Well, at least now we can assume we know where a lot of those 132 jobs at Banks-Baldwin are going to wind up. According to the Philippine Business Mirror, Thomson Reuters Legal (TR Legal) is using its 275 employee Taguig City, Philippines office as a launching pad. According the article, the Filipino office will be where the “data are processed, codified, proofread, analyzed and validated by Filipino employees and packaged as products for the customers in print, digital or online format.”

Outsourcing to India and the Philippines is not new, even for TR Legal. I did find it interesting to see the wording that TR Legal COO Vin Caraher used when describing what they are doing.  Caraher said that this office is “not legal outsourcing. We’re hiring and training them as our employees.” Granted, this is not legal outsourcing, but the semantics of the discussion are probably pretty hard to hear from those at Banks-Baldwin who are watching their jobs go to overseas offices. It’s also got to sting when they also read from Caraher that TR Legals expansion in the Philippines “reflects our commitment to growing our capabilities in the Philippines. The work being done at this site by our highly skilled and talented team is critical to our global content operations, and in supporting legal professionals around the world.”  John Elstad, Senior VP of Legal-Editorial Operations, seemed to go a little further in his comments than TR Legal usually does when discussing the work performed at its off-shore operations by saying that they don’t just gather data, but analyze the data and “add value to it.”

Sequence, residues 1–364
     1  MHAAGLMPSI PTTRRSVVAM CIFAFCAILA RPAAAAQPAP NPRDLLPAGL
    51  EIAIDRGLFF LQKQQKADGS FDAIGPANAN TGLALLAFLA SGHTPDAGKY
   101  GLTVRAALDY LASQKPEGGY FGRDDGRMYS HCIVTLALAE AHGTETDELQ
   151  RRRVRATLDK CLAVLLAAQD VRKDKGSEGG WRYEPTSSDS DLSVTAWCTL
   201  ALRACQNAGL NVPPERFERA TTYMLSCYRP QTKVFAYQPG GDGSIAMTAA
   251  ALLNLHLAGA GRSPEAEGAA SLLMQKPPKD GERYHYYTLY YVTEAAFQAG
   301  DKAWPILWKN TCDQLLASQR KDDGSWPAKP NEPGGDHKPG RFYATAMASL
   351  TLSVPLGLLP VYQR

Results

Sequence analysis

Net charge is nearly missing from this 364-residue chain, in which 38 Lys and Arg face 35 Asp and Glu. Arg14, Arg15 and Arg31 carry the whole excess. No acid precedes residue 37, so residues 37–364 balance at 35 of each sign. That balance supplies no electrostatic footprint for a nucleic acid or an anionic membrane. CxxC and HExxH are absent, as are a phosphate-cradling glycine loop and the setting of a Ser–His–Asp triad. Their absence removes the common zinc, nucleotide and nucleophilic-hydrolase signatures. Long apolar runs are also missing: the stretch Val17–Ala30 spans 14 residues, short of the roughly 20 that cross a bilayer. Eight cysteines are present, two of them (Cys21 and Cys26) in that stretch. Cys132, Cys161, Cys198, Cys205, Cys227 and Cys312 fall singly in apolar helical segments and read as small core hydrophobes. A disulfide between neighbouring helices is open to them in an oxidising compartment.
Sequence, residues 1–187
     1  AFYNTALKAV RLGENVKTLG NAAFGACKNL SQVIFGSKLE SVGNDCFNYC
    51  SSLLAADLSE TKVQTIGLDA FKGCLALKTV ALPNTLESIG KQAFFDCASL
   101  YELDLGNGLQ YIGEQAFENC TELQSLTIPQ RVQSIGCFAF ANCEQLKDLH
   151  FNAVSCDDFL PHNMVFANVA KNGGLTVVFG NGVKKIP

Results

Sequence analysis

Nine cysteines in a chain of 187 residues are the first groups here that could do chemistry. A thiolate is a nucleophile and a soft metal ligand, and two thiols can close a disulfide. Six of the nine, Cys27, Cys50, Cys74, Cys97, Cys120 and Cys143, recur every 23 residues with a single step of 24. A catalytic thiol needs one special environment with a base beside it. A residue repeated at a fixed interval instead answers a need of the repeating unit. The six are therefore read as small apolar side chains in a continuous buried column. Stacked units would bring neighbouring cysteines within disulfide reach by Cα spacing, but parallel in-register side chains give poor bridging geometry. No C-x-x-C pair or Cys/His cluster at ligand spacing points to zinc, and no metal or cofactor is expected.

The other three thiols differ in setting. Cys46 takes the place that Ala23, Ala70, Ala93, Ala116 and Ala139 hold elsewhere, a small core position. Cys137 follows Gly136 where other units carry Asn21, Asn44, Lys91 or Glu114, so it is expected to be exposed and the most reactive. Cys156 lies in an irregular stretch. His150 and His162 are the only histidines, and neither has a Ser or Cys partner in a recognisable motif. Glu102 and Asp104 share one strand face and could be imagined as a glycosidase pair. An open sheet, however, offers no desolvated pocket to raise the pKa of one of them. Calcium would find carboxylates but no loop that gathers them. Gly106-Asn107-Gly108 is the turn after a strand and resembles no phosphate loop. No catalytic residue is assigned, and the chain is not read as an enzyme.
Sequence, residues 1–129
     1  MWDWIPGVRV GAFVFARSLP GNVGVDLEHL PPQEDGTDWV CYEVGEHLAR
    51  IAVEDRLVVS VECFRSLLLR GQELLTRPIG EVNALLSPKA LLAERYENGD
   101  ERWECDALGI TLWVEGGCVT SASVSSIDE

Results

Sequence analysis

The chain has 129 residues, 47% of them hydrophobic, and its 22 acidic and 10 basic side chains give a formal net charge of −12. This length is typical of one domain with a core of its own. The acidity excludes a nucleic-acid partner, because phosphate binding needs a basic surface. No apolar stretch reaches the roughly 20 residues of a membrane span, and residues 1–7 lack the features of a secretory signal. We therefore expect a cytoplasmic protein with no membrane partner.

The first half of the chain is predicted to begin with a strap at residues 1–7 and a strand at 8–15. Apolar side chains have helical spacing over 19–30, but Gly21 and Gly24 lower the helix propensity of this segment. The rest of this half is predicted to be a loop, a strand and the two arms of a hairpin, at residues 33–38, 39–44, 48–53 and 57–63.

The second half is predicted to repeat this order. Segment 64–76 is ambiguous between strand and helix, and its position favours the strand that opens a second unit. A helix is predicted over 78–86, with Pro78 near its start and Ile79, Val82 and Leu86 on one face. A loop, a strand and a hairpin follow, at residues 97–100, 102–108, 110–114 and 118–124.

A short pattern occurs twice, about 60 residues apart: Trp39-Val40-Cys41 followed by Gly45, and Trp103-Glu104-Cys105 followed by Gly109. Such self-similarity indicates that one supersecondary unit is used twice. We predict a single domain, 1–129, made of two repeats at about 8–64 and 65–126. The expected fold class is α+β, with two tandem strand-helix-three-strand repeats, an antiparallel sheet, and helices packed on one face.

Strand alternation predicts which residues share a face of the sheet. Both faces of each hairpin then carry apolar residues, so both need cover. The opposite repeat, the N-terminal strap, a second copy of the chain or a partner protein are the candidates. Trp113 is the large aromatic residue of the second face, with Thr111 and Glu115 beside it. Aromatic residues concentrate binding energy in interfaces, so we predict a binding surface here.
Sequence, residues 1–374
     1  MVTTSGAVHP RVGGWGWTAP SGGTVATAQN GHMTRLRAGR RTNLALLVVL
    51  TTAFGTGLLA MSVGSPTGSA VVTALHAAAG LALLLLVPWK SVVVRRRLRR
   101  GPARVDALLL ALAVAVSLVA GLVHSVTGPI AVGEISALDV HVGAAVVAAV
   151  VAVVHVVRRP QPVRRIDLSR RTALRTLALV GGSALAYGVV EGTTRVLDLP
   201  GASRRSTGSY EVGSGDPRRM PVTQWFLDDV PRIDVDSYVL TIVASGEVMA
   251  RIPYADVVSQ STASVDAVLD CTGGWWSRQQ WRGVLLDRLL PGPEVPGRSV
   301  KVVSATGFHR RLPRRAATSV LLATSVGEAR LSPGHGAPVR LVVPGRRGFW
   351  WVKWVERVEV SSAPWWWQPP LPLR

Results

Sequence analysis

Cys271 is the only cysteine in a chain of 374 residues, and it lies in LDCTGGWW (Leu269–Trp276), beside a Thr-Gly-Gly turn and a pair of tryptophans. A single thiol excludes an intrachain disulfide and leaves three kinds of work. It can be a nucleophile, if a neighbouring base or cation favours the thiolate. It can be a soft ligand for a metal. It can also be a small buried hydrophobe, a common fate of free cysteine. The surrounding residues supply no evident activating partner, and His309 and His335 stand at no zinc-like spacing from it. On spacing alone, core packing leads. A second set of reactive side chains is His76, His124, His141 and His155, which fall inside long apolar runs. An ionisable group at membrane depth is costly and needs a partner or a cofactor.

It seems that legal editorial work has gone the way of manufacturing and is making its way out of the United States and off to India and the Philippines. Again, not a shocking statement… we’ve all watched this trickle away for years now. This is just one more chapter in the ever shrinking legal publishing market, and the race to find the cheapest labor pool. Perhaps the good new will be that will all the savings that TR Legal is getting through moving positions overseas, perhaps we’ll see a drop in the price of their products?? If not, then how are we, the customer benefiting??